the former and reject the latter. The Pieridæ would, however, usually be less numerous, because their larvæ are often protectively coloured and therefore edible, while the larvæ of the Heliconidæ are adorned with warning colours, spines, or tubercles, and are uneatable. It seems probable that the larvæ and pupæ of the Heliconidæ were the first to acquire the protective distastefulness, both because in this stage they are more defenceless and more liable to fatal injury, and also because we now find many instances in which the larvæ are distasteful while the perfect insects are eatable, but I believe none in which the reverse is the case. The larvæ of the Pieridæ are now beginning to acquire offensive juices, but have not yet obtained the corresponding conspicuous colours; while the perfect insects remain eatable, except perhaps in some Eastern groups, the under sides of whose wings are brilliantly coloured although this is the part which is exposed when at rest.
It is clear that if a large majority of the larvæ of Lepidoptera, as well as the perfect insects, acquired these distasteful properties, so as seriously to diminish the food supply of insectivorous and nestling birds, these latter would be forced by necessity to acquire corresponding tastes, and to eat with pleasure what some of them now eat only under pressure of hunger; and variation and natural selection would soon bring about this change.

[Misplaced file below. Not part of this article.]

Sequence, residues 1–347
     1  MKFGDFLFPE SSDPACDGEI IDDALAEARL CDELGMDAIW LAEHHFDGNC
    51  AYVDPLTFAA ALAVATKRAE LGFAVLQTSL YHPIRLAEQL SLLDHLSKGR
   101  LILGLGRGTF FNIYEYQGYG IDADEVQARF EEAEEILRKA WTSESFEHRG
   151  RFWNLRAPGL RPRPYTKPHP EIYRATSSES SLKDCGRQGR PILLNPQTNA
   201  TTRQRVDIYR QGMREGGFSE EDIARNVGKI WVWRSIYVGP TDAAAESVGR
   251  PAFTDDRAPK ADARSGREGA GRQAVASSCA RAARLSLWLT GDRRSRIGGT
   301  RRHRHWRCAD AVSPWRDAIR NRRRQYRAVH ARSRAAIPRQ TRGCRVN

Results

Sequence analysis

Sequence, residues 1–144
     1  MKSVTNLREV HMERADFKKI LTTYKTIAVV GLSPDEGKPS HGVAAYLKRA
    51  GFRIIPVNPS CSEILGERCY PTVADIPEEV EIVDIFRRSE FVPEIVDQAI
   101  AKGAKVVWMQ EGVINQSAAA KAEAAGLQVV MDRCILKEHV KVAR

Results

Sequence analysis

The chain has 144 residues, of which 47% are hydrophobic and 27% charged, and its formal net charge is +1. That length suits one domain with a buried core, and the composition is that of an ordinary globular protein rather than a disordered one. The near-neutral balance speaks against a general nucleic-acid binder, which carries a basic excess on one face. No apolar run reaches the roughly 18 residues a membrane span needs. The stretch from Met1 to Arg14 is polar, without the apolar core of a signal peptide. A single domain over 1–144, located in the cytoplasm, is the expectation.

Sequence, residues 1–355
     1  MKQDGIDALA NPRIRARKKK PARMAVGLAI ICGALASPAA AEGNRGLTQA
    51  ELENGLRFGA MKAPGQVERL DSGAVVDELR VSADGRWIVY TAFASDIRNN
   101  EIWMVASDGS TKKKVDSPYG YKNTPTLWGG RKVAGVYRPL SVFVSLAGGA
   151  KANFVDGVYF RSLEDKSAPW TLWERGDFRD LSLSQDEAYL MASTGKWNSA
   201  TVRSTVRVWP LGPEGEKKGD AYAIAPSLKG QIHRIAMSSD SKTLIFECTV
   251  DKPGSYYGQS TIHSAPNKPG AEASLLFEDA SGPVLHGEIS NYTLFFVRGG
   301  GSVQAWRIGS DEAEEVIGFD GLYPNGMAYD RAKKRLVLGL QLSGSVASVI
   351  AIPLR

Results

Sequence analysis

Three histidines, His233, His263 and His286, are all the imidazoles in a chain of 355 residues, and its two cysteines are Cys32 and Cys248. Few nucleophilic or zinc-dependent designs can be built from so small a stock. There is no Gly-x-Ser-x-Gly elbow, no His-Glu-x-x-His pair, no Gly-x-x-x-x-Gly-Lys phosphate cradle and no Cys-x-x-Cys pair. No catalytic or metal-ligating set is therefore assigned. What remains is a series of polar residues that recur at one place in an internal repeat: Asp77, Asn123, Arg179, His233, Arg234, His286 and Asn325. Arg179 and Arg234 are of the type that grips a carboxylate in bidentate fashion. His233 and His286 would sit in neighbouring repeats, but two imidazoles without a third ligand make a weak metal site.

Many writers have denied the possibility of such wonderful resemblances being produced by the accumulation of fortuitous variations, but if the reader will call to mind the large amount of variability that has been shown to exist in all organisms, the exceptional power of rapid increase possessed by insects, and the tremendous struggle for existence always going on, the difficulty will vanish, especially when we remember that nature has the same fundamental groundwork to act upon in the two groups, general similarity of forms, wings of similar texture and outline, and probably some original similarity of colour and marking. Yet there is evidently considerable difficulty in the process, or with these great resources at her command nature would have produced more of these mimicking forms than she has done. One reason of this deficiency probably is, that the imitators, being always fewer in number, have